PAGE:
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ActewAGL – now buys renewables at 7c a kilowatt hour – to fight a plan to make it under the proposed ACT law, to pay homes, 52c a kilowatt hour

Posted by gmarkets on 27 September, 2007

ActewAGL’s general manager of retail, Ivan Slavich, said the 52c a kilowatt hour tariff was not a wise use of money. “It sounds really good and it’s very popular, but it’s not very cost effective,” he said. He said “The tariff would artificially favour domestic solar power at the expense of more efficient renewable energy sources such as wind farms. Slavich said ActewAGL supported the use of renewable energy but not this plan. Producers of renewable power – like solar, biomass and wind – are paid 7c a kilowatt hour by ActewAGL, which is partially owned by the ACt Government. Under the proposed law, solar power producers would be paid 52c a kilowatt hour. “That’s a massive increase,” Slavich said.

Government backbench Bill: Canberrans would pay for the premium tariff through a levy on their electricity bills, and Slavich said this might not be popular. Government backbencher Mick Gentleman, who is behind the premium tariff plan, said he was disappointed in ActewAGL’s response but would continue to push the plan. He said the tariff aimed to create an incentive for people to produce renewable energy in their homes in Canberra. It did not aim to subsidise any renewable energy plants interstate. “We’re trying to do this within our community,” he said. He said the cost to consumers would be small – estimated at $1-2 a month at first, possibly growing to 5 per cent of the electricity bill.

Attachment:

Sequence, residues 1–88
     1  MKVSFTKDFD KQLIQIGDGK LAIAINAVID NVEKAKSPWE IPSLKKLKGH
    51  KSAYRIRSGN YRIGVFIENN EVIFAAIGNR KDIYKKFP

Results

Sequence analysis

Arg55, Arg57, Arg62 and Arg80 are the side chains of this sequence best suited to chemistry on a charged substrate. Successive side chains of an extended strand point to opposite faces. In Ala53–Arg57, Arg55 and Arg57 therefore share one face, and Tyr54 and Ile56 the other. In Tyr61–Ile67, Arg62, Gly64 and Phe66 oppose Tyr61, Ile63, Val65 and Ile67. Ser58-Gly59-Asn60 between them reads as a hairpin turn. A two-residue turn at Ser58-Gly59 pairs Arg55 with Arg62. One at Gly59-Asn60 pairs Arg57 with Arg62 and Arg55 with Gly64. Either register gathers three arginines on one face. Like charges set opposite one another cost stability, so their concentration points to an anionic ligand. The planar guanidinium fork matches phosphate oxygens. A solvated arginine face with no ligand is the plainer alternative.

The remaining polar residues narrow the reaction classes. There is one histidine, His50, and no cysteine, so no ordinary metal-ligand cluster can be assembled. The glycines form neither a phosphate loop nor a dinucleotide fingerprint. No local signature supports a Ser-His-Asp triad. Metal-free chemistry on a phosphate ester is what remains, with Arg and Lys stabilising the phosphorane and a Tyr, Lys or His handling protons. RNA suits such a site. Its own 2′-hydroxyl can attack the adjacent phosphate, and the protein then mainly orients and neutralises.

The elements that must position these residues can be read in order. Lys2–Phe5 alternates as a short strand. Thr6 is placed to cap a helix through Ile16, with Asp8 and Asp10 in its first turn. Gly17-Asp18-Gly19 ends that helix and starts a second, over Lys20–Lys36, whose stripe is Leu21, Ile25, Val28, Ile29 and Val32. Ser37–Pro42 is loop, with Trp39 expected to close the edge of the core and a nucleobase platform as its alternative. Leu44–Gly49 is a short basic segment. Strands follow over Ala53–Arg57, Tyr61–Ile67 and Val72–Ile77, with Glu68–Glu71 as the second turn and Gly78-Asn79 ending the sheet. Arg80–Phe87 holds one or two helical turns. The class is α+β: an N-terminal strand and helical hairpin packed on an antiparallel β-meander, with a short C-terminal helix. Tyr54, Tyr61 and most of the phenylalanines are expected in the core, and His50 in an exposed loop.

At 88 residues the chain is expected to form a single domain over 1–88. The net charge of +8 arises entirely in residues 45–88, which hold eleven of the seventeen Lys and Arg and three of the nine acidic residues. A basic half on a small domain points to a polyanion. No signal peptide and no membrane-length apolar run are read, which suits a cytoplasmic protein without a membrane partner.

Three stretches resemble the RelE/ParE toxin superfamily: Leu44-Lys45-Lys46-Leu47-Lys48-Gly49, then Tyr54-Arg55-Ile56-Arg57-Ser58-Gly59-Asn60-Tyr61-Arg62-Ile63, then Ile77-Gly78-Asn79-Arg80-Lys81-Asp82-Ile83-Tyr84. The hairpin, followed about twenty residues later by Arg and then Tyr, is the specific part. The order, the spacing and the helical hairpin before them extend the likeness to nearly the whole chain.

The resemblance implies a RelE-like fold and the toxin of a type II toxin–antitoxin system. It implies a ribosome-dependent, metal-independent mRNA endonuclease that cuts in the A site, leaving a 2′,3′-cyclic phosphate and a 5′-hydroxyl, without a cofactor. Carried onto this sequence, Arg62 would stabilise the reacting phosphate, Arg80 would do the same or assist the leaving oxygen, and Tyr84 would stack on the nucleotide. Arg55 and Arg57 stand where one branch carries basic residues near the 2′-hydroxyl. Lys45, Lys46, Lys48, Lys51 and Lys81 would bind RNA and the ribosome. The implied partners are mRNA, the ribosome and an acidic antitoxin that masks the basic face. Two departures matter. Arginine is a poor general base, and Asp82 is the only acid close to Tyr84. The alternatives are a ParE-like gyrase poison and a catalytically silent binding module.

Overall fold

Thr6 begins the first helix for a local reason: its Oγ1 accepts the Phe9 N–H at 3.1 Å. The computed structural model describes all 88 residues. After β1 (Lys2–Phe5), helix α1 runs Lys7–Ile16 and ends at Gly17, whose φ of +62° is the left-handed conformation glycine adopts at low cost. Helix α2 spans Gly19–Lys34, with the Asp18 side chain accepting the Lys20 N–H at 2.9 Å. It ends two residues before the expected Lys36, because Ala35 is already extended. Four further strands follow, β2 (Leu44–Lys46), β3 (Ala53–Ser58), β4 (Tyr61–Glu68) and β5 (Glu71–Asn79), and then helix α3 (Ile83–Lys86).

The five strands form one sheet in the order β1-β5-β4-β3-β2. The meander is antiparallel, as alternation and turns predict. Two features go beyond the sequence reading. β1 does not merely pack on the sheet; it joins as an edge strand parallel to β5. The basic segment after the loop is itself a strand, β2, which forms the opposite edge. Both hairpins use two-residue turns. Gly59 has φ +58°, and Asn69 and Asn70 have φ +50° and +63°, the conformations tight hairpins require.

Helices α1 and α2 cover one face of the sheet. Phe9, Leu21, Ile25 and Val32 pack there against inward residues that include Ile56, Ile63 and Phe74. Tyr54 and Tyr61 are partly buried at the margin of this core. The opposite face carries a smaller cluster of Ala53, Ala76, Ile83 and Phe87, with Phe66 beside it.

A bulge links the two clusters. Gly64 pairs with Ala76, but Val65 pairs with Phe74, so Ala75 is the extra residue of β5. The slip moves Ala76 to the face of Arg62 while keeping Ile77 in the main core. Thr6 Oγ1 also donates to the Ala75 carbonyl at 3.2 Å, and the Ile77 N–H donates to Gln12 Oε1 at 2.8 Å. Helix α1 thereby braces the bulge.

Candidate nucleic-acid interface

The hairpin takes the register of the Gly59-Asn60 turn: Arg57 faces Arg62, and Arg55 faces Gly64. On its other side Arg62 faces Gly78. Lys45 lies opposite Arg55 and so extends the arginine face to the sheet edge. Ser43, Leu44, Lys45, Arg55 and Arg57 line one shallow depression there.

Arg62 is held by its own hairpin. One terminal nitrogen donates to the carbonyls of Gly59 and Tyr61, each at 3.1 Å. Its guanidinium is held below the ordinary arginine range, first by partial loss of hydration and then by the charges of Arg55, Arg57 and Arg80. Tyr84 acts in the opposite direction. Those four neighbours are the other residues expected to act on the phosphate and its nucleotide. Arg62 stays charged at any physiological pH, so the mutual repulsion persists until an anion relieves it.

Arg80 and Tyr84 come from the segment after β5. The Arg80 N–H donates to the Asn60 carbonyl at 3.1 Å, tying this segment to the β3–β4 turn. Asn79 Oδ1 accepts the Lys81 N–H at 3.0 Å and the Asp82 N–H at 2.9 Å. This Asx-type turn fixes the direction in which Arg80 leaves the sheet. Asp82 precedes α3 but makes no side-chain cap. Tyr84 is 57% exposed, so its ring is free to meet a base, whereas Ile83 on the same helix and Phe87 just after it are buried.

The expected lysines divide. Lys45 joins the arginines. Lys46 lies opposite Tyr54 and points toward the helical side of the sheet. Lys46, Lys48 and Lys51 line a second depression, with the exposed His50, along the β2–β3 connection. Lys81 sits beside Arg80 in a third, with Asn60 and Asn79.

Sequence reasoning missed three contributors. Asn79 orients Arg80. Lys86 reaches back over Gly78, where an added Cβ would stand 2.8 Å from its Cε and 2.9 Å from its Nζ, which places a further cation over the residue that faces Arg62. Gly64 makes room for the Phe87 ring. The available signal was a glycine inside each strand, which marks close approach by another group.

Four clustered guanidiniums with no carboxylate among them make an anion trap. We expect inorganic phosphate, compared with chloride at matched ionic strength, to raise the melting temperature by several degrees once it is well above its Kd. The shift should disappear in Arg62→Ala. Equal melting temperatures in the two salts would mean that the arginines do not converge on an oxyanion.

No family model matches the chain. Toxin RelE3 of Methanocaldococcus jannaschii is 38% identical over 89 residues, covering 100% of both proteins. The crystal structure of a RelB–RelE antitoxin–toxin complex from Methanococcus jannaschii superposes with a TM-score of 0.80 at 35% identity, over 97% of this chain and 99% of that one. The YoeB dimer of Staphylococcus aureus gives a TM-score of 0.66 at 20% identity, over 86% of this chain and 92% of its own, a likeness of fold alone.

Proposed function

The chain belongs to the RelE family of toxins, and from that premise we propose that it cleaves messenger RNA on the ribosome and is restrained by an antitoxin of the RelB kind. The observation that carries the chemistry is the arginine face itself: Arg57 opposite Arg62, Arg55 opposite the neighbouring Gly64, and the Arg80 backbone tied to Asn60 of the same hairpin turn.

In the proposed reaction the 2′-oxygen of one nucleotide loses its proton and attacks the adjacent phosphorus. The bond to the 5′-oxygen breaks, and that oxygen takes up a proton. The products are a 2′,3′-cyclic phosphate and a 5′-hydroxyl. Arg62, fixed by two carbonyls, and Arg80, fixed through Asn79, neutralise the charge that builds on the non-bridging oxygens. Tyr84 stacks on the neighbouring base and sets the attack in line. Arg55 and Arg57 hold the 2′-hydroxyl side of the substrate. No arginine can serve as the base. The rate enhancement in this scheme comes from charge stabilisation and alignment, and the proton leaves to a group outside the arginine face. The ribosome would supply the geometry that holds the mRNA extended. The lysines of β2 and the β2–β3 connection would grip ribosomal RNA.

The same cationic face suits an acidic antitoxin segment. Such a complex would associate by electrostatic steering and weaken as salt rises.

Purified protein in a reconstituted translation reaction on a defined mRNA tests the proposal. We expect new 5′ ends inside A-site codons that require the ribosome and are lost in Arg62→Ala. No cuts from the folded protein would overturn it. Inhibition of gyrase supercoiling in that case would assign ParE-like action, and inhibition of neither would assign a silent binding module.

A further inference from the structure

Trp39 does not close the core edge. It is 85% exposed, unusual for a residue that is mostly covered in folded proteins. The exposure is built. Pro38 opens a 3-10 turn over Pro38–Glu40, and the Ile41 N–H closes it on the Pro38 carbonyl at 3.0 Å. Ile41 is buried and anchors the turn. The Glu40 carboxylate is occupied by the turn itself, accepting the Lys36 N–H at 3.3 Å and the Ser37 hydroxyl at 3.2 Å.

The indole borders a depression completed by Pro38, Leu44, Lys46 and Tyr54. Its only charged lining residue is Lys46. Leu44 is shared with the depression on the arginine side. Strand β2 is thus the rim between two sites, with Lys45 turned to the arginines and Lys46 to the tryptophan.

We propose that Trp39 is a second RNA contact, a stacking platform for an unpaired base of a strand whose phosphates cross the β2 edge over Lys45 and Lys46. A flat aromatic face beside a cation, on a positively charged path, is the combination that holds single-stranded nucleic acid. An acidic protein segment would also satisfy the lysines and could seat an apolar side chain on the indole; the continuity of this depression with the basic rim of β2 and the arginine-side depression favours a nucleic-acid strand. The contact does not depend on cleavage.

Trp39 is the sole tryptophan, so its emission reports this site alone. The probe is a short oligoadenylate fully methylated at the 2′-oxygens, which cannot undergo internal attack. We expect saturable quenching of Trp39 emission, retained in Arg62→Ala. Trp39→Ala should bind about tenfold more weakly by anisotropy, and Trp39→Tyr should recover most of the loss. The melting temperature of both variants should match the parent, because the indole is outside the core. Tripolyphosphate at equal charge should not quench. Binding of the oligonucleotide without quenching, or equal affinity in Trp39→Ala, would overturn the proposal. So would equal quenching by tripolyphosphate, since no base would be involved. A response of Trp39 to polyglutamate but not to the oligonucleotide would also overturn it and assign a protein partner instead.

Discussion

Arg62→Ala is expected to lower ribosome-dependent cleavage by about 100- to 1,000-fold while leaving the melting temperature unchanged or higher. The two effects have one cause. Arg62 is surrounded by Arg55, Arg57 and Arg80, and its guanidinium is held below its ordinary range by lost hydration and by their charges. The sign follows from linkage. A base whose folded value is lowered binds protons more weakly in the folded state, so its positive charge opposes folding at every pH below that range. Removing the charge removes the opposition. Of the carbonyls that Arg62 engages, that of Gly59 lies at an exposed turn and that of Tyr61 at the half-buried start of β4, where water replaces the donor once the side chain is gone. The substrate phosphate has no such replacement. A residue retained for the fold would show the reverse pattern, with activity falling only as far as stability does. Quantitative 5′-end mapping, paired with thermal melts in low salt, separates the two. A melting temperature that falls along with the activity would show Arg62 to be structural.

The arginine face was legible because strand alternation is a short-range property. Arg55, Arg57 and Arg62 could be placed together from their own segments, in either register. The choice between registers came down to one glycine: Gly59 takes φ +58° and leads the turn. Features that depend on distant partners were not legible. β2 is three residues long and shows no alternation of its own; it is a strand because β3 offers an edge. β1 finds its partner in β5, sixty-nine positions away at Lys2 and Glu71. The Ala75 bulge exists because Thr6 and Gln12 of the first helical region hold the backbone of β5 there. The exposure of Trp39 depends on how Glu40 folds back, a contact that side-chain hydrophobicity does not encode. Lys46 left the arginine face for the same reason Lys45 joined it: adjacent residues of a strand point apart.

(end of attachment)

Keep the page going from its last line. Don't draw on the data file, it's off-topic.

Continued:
The Canberra Times, 7/8/2007, p. 1

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